(HR-2019-1725-A) and (HR-2019-1743-A) – Striking a fair balance between the right to freedom of expression and copyright protection

The authorities are under an obligation to ensure a fair balance between, on the one hand, the interest of the holders of copyright and related rights in the protection of their intellectual property rights, and, on the other hand, the protection of the interests and fundamental rights of users of protected subject matter, in particular their freedom of expression and information. Within one week the Norwegian Supreme Court delivered two decisions which dealt with the application of Article 10 of the ECHR in matters of copyright enforcement potentially interfering with the right of freedom of expression and information.

In 2018 Lovdata sued the two initiators behind the website “” for having published several Norwegian Supreme Court decisions extracted from their database. The website “” provides access to a collection of online legal resources for an annual fee, similar to well-known LexisNexis, Westlaw and HeinOnline for the English-speaking world. The dispute was limited to decisions extracted from a DVD from 2005 and decisions from 2006 and 2007 extracted from Lovdata’s online database. The term of protection had expired for decisions extracted from a CD from 2002, and since 2008 the Supreme Court has made available to the public all its decisions on their own website. Lovdata was granted preliminary injunction comprising an order for to remove all disputed decisions and a ban from making them available to the public. appealed the decision.

The Copyright Act section 24 automatically grants protection to the maker of any database, the creation of which has incurred substantial investment in obtaining, verifying and presenting its contents. In return for this investment, the maker gets exclusive rights to extract or to utilize all or substantial parts of the contents of the protected database for 15 years. The Copyright Act implements the Database Directive (96/9/EC), which defines a database as “a collection of independent works, data or other materials arranged in a systematic or methodical way and individually accessible by electronic or other means”. The sui generis right protecting databases only apply to extraction from and/or re-utilization of the database and never to the informational content as such.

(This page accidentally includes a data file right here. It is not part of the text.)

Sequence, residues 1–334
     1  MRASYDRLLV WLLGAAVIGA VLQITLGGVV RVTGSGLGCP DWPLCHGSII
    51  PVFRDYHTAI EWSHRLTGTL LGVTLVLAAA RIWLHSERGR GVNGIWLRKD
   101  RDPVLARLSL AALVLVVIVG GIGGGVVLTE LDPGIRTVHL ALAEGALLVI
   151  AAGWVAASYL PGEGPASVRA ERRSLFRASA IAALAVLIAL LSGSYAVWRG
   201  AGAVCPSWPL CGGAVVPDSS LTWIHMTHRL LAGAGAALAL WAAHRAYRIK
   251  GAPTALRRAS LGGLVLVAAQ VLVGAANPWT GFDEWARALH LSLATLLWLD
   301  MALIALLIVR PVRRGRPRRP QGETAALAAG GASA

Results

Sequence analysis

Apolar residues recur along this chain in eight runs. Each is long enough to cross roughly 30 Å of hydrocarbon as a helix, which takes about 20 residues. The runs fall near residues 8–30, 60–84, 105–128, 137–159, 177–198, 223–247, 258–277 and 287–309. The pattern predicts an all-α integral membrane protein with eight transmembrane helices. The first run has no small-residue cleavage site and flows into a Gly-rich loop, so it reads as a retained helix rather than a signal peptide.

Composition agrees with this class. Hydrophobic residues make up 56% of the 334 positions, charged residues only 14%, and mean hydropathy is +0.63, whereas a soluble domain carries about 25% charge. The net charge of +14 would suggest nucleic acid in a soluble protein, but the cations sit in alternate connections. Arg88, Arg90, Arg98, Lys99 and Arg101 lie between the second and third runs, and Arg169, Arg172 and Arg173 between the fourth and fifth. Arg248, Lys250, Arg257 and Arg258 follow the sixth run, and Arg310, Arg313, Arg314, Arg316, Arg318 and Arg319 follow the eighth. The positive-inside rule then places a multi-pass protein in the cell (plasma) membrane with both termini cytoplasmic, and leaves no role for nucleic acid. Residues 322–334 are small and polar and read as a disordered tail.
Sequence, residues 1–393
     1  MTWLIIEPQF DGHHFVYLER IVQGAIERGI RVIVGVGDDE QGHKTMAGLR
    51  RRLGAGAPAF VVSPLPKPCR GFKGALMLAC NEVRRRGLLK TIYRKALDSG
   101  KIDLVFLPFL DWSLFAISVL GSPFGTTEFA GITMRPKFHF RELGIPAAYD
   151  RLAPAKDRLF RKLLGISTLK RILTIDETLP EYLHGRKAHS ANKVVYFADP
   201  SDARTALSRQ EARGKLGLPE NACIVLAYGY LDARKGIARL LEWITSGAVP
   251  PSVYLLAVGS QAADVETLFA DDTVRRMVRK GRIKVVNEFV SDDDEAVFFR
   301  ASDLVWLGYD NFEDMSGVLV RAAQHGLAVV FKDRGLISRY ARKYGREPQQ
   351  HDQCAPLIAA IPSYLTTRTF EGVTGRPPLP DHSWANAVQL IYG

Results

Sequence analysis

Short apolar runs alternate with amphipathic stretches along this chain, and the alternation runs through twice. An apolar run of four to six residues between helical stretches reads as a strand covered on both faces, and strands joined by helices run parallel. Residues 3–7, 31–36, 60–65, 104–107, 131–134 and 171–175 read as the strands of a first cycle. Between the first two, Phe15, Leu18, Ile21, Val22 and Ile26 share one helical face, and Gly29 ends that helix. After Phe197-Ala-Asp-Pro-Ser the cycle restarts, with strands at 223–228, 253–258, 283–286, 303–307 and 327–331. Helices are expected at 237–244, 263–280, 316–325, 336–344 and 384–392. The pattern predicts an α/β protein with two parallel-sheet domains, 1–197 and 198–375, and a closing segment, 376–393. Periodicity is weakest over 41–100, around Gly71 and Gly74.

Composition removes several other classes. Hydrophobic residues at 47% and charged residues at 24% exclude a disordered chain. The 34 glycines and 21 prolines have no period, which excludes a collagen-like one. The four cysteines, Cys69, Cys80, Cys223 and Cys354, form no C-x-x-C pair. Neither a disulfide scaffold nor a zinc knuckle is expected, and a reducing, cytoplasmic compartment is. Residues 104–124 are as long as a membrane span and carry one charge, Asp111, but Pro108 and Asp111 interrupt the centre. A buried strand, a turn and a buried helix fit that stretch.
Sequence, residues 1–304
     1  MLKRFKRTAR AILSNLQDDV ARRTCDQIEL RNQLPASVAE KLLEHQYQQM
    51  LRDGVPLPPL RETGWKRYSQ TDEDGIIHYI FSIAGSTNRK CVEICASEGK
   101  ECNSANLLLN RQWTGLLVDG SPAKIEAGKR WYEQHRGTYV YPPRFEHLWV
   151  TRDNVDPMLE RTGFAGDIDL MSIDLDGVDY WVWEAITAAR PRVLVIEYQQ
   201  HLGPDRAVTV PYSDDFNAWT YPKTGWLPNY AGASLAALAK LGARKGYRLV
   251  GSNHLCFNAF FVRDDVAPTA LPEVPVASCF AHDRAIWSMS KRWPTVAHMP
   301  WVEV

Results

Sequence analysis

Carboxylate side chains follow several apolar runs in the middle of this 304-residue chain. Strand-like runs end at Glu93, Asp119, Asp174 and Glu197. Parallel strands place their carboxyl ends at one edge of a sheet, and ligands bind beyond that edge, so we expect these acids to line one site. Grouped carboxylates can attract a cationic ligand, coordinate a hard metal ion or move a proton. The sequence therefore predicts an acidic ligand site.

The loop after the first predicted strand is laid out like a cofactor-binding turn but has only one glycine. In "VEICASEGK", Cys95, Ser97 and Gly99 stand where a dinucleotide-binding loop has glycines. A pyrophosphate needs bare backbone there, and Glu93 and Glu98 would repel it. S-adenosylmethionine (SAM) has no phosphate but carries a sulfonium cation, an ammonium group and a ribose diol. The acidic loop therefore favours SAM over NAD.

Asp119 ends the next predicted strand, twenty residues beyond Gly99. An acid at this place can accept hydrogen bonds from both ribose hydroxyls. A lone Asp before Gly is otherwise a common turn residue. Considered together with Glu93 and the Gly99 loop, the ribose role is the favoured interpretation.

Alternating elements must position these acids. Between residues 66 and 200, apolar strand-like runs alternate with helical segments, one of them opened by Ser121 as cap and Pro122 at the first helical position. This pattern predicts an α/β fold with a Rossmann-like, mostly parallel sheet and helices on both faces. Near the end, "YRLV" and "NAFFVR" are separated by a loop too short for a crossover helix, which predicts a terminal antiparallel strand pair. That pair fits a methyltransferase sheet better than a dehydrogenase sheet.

The Supreme Court rejected’s argument that their actions were lawful under the exception for certain public documents in the Copyright Act section 14. This section exempts court decisions from copyright protection, but it only applies to databases to the extent those databases as such “relate to exercise of public authority” and are “produced by public authorities, publicly appointed council or committee, or issued by the government”.

Lovdata was founded in 1981 by the Norwegian Ministry of Justice and the University of Oslo. At the time when the disputed decisions were delivered, Lovdata was a sole recipient of digital decisions delivered directly from the Supreme Court. Nevertheless, the Supreme Court emphasized that Lovdata was established on a non-profit basis, and that it is a self-financed undertaking. Even when taken into account its earlier special treatment, today Lovdata participates in a competitive market. Therefore the databases cannot be considered as produced in the exercise of public authority. The right to freedom of information could not lead to an interpretation of section 14 that exempted the databases from the protection provided by section 24. further argued that in any case their actions were protected by the freedom of expression and information protected by the Norwegian Constitution section 100 and Article 10 of the ECHR. In case of conflict, these higher norms would have precedence. The Supreme Court held that the enforcement of Lovdata’s database rights restricts access to information. The decisive question is, however, whether this restriction is justifiable in relation to section 100 of the Constitution and Article 10 (2) of the ECHR. According to the latter provision the restriction must be necessary in a democratic society, apart from being prescribed by law and pursuing a legitimate aim.

Since the database was protected under the Copyright Act, the Supreme Court held that the interference of the Norwegian authorities is prescribed by law. It also considered that the preliminary injunction had pursued the legitimate aim of protecting copyright. Finally, the Supreme Court had to assess whether the interference was necessary in a democratic society. The Supreme Court noted that the authorities enjoy a wide margin of appreciation when balancing two competing interests which are both protected by the Convention. In the present case, the Supreme Court affords the greater weight to the interests of the right holders. Database protection is assumed to be of great importance to promote investments that are needed in society, and Lovdata has invested a large amount of resources in building up the legal information systems as they appear today. Less weight is afforded to the interests of users of the protected subject matter, and their right to freedom of expression and information, especially because the information was available elsewhere, for instance in public libraries.